Monday, August 04, 2008

Aristotle's 13 Fallacies

Aristotle, in his Sophistical Refutations (Sophistici Elenchi), identified thirteen fallacies, as follows:

Linguistic fallacies

  • Accent - accent (or emphasis) gives a different meaning from that of the words alone and can be used to direct attention
  • Amphiboly - the structure of a sentence has more than one possible meaning
  • Equivocation - the same word is used, but has two or more different meanings
  • Composition - If A is X and B is X then the group to which A and B belong are all X
  • Division - X has characteristic Y. P is a part of X, so also has characteristic Y
  • Figure of Speech - different words in Greek or Latin had different cases or genders

Non-linguistic fallacies

  • Accident - X is explained by rule Y. But X does not fall under Y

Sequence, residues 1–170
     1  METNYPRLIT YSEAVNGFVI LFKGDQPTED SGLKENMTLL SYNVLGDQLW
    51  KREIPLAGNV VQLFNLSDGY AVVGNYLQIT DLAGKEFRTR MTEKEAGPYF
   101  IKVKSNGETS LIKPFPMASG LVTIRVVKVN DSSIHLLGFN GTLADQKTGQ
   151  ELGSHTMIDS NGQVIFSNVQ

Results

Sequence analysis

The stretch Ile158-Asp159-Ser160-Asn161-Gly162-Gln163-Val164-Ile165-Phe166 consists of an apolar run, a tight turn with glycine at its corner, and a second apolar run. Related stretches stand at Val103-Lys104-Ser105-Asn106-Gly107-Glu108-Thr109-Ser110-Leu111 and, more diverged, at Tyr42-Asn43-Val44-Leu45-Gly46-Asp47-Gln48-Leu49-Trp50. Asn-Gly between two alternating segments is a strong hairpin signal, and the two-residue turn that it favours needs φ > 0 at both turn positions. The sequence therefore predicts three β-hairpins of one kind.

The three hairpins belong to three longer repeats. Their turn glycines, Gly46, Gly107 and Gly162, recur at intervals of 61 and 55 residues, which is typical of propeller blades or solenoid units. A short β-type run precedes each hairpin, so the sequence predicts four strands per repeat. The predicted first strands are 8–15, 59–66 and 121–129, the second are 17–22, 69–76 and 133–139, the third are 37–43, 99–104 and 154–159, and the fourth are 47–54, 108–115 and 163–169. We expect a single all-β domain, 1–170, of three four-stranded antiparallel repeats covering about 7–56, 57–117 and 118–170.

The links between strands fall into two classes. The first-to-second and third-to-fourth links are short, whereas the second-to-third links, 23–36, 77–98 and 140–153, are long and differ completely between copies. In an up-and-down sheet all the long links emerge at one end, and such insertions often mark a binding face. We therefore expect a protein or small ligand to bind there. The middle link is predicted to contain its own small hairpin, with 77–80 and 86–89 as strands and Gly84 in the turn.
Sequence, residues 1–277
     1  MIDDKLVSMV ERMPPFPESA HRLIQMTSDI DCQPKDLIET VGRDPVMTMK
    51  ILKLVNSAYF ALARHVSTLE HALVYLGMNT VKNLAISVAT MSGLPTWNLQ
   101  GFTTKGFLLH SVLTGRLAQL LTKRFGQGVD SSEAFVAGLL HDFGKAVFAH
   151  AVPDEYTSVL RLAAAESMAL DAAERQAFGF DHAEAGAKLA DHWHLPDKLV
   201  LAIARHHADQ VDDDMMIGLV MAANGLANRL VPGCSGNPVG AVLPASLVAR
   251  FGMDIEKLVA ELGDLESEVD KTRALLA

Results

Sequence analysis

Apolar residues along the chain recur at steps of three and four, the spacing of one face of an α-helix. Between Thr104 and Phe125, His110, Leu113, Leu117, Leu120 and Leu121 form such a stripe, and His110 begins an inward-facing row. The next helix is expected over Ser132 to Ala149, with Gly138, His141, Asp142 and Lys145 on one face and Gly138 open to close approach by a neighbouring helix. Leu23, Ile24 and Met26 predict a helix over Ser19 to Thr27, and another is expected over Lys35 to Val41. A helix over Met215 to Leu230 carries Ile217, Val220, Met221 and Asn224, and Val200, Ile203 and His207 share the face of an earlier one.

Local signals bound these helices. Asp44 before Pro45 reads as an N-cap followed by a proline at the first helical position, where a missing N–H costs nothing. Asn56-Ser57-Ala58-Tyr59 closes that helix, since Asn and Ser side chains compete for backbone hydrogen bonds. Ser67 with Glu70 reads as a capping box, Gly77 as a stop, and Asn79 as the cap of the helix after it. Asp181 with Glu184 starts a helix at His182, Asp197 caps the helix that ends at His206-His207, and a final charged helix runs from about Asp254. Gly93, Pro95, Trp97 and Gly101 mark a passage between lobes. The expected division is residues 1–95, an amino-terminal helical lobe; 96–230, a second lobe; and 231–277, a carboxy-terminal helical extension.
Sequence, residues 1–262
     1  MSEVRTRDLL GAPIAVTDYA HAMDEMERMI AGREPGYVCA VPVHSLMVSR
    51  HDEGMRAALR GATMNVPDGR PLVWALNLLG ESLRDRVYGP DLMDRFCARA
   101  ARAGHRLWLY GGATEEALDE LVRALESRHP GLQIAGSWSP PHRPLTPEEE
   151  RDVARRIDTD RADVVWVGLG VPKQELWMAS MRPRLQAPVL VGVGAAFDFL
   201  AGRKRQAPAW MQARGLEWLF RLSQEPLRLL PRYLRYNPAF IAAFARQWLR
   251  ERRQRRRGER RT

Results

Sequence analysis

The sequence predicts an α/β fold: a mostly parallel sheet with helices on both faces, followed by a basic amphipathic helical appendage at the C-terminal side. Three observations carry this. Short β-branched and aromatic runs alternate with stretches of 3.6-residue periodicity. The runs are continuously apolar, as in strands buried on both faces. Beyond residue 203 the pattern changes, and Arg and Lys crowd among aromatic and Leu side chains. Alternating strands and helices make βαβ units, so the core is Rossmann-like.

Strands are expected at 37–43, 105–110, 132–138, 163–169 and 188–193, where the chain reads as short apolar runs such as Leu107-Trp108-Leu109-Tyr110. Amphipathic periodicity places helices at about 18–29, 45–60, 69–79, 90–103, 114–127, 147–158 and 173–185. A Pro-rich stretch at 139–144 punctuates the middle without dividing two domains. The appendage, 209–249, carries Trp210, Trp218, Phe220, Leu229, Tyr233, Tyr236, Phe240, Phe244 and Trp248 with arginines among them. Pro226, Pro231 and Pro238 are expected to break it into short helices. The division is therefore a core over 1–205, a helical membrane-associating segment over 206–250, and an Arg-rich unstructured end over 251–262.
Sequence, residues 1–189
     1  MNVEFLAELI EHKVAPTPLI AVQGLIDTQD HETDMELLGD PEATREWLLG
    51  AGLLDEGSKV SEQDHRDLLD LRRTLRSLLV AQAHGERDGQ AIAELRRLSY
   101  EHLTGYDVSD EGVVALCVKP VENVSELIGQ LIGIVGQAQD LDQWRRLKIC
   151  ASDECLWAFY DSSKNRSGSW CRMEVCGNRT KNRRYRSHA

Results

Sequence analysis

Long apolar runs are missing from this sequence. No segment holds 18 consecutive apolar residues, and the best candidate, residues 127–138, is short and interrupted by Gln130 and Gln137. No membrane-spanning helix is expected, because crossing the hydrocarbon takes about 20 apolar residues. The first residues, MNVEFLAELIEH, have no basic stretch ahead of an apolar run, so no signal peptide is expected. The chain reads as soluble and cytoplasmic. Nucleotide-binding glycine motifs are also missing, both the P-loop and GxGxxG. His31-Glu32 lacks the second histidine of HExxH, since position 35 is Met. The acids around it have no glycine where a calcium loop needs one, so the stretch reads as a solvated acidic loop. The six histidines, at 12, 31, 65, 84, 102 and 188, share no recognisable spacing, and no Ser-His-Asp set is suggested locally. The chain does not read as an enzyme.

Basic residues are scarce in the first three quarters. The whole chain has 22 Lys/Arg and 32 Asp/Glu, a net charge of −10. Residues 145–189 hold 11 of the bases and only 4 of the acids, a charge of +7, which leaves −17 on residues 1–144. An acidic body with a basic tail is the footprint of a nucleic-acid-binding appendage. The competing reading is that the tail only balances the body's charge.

• Affirming the Consequent - If A is true then B is true. B is true. Therefore A is true
  • In a Certain Respect and Simply - A is an attribute of B. So A is an attribute of C
  • Ignorance of Refutation - A set of statements leads to conclusion X. Yet conclusion Y is drawn
  • Begging the Question - The truth of A is assumed within the original premise about A. Thus A is not really proven by the argument
  • False Cause - A causes B (without real proof that this causal relationship actually exists)
  • Many Questions - Ask many different questions. They may be related with a central theme. They may also be unrelated

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